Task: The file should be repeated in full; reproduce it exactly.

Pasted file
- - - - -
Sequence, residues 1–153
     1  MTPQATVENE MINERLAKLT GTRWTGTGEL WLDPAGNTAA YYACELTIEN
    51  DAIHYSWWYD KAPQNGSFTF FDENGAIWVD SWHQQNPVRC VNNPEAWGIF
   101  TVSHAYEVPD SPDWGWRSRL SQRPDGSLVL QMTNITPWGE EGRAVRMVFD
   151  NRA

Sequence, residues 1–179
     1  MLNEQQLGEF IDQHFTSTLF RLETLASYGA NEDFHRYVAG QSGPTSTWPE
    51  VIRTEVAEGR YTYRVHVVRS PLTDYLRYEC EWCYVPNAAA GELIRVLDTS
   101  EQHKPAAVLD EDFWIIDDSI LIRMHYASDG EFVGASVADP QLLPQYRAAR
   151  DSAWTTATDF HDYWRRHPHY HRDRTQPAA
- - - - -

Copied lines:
Sequence, residues 1–153
     1  MTPQATVENE MINERLAKLT GTRWTGTGEL WLDPAGNTAA YYACELTIEN
    51  DAIHYSWWYD KAPQNGSFTF FDENGAIWVD SWHQQNPVRC VNNPEAWGIF
   101  TVSHAYEVPD SPDWGWRSRL SQRPDGSLVL QMTNITPWGE EGRAVRMVFD
   151  NRA

Sequence, residues 1–179
     1  MLNEQQLGEF IDQHFTSTLF RLETLASYGA NEDFHRYVAG QSGPTSTWPE
    51  VIRTEVAEGR YTYRVHVVRS PLTDYLRYEC EWCYVPNAAA GELIRVLDTS
   101  EQHKPAAVLD EDFWIIDDSI LIRMHYASDG EFVGASVADP QLLPQYRAAR
   151  DSAWTTATDF HDYWRRHPHY HRDRTQPAA